Child maltreatment and telomere length in middle and older age: retrospective cohort study of 141 748 UK Biobank participants

Ziyi Zhou, Camilla K. M. Lo, Ko Ling Chan, Rachel S. Y. Chung, Jill P. Pell, Helen Minnis, Paul G. Shiels, Patrick Ip, Frederick K. Ho (Corresponding Author)

Research output: Journal article publicationJournal articleAcademic researchpeer-review

Abstract

Background There is evidence that child maltreatment is associated with shorter telomere length in early life. Aims This study aims to examine if child maltreatment is associated with telomere length in middle- and older-age adults. Method This was a retrospective cohort study of 141 748 UK Biobank participants aged 37-73 years at recruitment. Leukocyte telomere length was measured with quantitative polymerase chain reaction, and log-transformed and scaled to have unit standard deviation. Child maltreatment was recalled by participants. Linear regression was used to analyse the association. Results After adjusting for sociodemographic characteristics, participants with three or more types of maltreatment presented with the shortest telomere lengths (β = -0.05, 95% CI -0.07 to -0.03; P < 0.0001), followed by those with two types of maltreatment (β = -0.02, 95% CI -0.04 to 0.00; P = 0.02), referent to those who had none. When adjusted for depression and post-traumatic stress disorder, the telomere lengths of participants with three or more types of maltreatment were still shorter (β = -0.04, 95% CI -0.07 to -0.02; P = 0.0008). The telomere lengths of those with one type of maltreatment were not significantly different from those who had none. When mutually adjusted, physical abuse (β = -0.05, 95% CI -0.07 to -0.03; P < 0.0001) and sexual abuse (β = -0.02, 95% CI -0.04 to 0.00; P = 0.02) were independently associated with shorter telomere length. Conclusions Our findings showed that child maltreatment is associated with shorter telomere length in middle- and older-aged adults, independent of sociodemographic and mental health factors.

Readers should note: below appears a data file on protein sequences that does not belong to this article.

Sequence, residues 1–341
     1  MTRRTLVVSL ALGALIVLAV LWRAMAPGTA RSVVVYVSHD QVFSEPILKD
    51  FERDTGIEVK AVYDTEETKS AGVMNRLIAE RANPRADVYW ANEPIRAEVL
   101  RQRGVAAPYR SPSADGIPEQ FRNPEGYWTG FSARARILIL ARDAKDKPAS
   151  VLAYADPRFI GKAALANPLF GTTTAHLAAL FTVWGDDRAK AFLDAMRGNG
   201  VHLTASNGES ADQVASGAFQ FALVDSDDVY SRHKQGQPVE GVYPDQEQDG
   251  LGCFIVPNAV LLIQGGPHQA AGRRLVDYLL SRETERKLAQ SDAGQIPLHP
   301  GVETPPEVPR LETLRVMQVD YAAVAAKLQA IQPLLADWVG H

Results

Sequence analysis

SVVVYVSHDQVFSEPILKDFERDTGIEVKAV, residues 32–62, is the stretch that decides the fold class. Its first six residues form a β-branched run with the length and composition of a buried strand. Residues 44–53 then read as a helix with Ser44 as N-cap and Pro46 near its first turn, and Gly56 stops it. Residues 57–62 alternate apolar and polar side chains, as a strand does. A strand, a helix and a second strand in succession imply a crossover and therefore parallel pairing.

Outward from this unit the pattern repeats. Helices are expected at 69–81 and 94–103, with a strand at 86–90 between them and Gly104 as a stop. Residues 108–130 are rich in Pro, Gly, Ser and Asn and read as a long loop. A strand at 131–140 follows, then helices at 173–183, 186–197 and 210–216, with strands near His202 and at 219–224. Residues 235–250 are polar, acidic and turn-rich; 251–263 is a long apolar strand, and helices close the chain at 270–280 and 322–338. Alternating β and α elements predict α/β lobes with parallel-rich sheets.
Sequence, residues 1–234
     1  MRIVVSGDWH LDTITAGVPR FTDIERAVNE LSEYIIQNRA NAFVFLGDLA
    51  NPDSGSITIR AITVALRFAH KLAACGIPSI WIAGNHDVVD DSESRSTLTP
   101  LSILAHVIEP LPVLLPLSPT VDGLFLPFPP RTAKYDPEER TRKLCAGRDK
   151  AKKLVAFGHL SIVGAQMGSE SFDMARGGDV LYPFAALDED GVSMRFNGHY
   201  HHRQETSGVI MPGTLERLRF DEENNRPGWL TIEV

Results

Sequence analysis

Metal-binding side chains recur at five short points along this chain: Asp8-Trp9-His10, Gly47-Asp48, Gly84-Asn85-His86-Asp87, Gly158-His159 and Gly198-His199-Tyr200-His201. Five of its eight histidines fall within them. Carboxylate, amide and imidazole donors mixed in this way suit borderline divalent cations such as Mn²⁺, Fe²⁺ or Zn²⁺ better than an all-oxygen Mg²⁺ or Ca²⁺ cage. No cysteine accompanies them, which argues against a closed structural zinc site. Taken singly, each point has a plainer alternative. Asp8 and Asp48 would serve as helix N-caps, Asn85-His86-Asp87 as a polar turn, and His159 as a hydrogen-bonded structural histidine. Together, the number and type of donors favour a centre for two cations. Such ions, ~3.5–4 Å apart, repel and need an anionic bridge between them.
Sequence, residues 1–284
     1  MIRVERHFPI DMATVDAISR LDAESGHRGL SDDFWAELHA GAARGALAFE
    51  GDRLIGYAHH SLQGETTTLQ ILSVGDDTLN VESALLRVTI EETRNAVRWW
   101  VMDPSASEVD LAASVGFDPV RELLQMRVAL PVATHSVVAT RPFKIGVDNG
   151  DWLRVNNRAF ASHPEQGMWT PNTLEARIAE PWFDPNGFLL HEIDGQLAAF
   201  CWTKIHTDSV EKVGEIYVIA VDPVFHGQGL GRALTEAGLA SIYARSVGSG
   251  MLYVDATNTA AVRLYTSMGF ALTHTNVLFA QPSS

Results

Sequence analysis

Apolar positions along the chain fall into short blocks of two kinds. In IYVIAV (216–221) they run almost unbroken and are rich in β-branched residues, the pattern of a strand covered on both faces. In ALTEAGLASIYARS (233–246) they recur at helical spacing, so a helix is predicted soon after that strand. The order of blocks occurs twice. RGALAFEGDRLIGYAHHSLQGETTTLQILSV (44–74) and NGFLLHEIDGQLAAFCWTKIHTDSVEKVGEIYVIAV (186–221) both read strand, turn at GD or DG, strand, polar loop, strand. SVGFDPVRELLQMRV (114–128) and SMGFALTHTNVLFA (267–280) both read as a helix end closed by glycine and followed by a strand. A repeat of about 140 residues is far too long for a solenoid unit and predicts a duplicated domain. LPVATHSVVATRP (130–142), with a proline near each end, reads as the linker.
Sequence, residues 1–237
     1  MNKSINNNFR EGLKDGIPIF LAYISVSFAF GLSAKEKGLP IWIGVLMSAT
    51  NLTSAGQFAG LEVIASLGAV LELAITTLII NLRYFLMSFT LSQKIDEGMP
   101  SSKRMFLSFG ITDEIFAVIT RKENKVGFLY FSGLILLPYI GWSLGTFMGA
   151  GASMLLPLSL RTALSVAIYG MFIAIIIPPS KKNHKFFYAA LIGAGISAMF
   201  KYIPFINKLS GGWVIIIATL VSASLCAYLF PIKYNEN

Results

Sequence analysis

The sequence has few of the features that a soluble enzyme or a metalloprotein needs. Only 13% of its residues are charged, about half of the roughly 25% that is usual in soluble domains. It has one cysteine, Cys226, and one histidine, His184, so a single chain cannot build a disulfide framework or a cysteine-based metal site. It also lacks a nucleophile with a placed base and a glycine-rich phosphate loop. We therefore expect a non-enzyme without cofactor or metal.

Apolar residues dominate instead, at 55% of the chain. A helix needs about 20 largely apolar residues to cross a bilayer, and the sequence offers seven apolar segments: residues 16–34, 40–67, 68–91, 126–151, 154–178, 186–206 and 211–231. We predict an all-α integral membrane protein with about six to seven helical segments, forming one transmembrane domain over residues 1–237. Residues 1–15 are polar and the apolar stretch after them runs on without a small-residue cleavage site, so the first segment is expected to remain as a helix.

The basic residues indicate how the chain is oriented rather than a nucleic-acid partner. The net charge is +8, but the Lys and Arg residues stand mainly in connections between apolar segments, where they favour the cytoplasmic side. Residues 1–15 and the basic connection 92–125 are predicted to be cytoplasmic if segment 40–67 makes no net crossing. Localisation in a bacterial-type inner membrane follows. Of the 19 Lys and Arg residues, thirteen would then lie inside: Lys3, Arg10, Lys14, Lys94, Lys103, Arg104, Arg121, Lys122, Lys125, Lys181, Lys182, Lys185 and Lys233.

Original languageEnglish
Pages (from-to)377-381
Number of pages5
JournalThe Journal of mental science
Volume23
Issue number4
DOIs
Publication statusPublished - 22 Mar 2023

Keywords

  • Epidemiology
  • post-traumatic stress disorder
  • trauma
  • risk assessment
  • comorbidity

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